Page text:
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Stop Building Models, Start Training Data

In this special guest feature, Sanjay Pichaiah, VP of Product Growth at Akridata, highlights why it is time for data scientists to stop building models and start training data. Sanjay has held various responsibilities from early concept validation, product definition and GTM efforts. Prior to Akridata, Sanjay led Products & GTM at Ampool (acq. HPE) and previously co-Founder and CEO of Trupeco, (HRM Analytics).

It is time to shift from a model-centric mindset to a data-centric approach.

AI is a massive part of human life today and is woven into the fabric of our everyday society.  From medical imagery scanning to the ubiquity of facial recognition software in our cell phones, AI is everywhere. However, up until now, the focus of AI has largely been centered on improving codes and algorithms, not on improving data used to train the models. Another way to put it?  AI has taken a model-centric approach while hoping and praying data quality is up to par.

But, we are currently in the midst of a data revolution. There has never been so much data available to us before, yet this is part of the problem, as data science teams need to carefully select what data is needed to make models perform best.

Currently, most AI models are jump started from  “off-the-shelf” models that give a significant head start, and seldom do you need to start building the models from a clean slate. While that mode of operation is a great way to kick start, there are still issues such as these models being trained on large public data sets that may not be close to the intended use; to move ahead and improve model accuracy we must begin to focus on improving the data used.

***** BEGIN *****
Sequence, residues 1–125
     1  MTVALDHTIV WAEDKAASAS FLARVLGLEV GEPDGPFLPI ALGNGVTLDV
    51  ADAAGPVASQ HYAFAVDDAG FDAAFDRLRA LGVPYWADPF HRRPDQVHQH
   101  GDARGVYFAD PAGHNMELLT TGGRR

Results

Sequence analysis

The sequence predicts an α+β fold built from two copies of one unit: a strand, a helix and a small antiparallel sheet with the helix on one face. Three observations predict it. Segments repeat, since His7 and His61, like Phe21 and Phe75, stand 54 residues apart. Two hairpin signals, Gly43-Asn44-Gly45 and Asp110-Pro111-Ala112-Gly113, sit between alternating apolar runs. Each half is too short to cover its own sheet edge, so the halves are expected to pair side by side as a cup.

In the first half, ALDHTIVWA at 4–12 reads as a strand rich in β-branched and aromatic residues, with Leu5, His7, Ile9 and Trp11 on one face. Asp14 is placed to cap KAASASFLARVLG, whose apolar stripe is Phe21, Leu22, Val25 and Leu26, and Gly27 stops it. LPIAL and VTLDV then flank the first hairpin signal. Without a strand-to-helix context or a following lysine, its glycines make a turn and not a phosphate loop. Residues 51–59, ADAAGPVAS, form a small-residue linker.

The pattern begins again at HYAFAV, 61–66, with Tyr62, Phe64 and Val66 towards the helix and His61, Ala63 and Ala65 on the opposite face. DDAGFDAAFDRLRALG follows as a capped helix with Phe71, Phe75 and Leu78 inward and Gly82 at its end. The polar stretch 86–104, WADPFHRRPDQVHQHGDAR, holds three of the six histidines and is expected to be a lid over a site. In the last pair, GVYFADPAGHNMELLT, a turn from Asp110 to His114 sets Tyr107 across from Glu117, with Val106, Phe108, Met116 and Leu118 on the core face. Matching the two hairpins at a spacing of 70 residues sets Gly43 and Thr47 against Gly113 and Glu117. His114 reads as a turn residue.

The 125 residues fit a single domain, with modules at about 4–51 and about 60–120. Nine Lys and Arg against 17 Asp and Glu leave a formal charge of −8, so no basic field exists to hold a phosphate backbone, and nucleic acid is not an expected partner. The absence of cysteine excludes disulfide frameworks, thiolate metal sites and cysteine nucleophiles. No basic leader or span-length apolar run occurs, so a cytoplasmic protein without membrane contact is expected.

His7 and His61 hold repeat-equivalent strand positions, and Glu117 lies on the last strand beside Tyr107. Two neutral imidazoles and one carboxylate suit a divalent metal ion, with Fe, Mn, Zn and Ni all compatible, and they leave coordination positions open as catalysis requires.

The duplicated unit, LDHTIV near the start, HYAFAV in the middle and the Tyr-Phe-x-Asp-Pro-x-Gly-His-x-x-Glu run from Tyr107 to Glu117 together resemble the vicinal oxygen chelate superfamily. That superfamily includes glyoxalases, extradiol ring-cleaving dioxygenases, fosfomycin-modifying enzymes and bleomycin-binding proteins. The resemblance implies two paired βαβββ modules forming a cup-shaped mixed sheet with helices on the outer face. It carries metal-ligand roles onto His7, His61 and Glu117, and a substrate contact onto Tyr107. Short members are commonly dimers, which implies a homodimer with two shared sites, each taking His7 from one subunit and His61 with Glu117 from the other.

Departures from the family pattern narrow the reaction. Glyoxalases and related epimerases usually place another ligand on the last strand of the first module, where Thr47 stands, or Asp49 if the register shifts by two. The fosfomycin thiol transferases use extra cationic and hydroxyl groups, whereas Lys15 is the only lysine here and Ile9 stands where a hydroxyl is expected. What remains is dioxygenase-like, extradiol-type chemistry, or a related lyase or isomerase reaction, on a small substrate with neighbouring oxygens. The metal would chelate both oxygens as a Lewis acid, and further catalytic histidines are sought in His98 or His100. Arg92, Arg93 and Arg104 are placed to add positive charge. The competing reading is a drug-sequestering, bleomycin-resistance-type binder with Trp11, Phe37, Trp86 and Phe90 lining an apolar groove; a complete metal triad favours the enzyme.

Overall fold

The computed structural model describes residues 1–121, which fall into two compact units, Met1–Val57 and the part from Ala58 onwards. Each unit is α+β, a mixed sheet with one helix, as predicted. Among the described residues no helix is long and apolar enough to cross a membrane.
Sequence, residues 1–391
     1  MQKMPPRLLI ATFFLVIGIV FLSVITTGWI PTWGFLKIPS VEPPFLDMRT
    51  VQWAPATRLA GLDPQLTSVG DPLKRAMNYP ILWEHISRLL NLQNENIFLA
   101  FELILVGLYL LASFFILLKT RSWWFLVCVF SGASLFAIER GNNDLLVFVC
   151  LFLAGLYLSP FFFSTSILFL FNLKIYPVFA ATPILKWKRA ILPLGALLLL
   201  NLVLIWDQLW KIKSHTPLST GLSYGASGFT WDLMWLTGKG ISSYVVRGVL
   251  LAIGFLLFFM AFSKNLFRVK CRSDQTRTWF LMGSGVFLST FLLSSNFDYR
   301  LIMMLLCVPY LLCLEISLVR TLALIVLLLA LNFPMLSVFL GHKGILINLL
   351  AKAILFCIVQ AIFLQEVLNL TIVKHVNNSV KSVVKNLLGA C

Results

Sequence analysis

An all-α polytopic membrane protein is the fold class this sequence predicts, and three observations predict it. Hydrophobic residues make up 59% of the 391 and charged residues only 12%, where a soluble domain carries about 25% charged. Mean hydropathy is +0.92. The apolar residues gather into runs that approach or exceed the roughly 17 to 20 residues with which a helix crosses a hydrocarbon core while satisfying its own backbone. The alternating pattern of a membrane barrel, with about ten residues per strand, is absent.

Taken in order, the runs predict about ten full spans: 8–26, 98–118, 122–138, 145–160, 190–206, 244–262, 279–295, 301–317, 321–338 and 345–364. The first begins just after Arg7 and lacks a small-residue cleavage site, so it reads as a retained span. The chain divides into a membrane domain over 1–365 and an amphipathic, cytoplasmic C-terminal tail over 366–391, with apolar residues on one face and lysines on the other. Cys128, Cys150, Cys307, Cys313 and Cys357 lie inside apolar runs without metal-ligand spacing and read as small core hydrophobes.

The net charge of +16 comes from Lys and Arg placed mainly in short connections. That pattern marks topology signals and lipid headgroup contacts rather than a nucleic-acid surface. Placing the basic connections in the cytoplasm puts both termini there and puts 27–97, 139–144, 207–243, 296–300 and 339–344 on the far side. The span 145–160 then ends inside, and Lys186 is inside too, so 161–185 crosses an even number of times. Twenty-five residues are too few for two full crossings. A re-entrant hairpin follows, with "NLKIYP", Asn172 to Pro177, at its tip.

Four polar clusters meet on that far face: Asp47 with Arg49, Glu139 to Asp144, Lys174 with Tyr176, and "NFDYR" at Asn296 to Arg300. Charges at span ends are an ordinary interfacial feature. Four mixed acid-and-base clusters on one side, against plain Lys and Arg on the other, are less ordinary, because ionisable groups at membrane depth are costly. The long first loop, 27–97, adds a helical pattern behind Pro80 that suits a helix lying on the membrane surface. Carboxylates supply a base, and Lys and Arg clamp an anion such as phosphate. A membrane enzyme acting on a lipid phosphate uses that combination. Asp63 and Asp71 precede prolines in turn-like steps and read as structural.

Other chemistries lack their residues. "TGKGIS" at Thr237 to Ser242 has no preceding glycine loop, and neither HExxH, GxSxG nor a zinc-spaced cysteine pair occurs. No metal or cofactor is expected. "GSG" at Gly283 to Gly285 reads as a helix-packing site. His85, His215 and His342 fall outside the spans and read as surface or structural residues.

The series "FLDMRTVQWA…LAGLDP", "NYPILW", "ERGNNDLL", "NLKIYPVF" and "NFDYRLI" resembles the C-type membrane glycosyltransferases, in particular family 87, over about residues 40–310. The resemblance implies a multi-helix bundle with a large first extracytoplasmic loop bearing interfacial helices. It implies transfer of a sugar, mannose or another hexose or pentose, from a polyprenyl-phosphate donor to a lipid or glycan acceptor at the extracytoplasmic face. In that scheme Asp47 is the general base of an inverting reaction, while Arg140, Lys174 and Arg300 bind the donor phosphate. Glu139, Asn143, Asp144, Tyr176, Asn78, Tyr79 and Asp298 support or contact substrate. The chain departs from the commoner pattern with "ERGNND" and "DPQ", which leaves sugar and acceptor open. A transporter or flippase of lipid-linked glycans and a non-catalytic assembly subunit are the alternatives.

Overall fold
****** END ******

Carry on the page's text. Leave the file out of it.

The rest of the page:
First, there’s often no point in training models on data similar to what they’ve already “seen”.  The model won’t improve this way, yet it will still cost in compute, storage and labeling if relevant.  It’s the net-new data, also known as “novelty data sets” that accelerate model performance, yet finding these valuable novelty data sets can be hard and manual work.

Second, implicit in data selection is the potential for introducing bias. Selecting data sets that represent the ideal training conditions is the objective, yet this is difficult to achieve, especially with visual data, where the implicit distributions are not always obvious.

Finally, as models are being trained on data, it’s often iterative and extensive manual work to root cause issues the model underperforms owing to class imbalances or other issues.  As with all these issues, it’s the choice of data and lack of sophisticated tools that slow model improvement efforts and not necessarily the underlying model.

Why don’t we put more emphasis on data?

We all know data is expansive, everywhere, and increasingly important to our lives, systems, and communities. So why isn’t there more of an emphasis placed on data within AI?

To start, visual data sets are typically very large. Think: traffic cameras, medical imaging analysis, youtube videos, satellite imagery. There is no easy way to query and search through these huge datasets unless they were previously annotated or you’re willing to write custom detectors for each item one is looking for. This requires a lot of time and effort on the part of already strapped data scientists.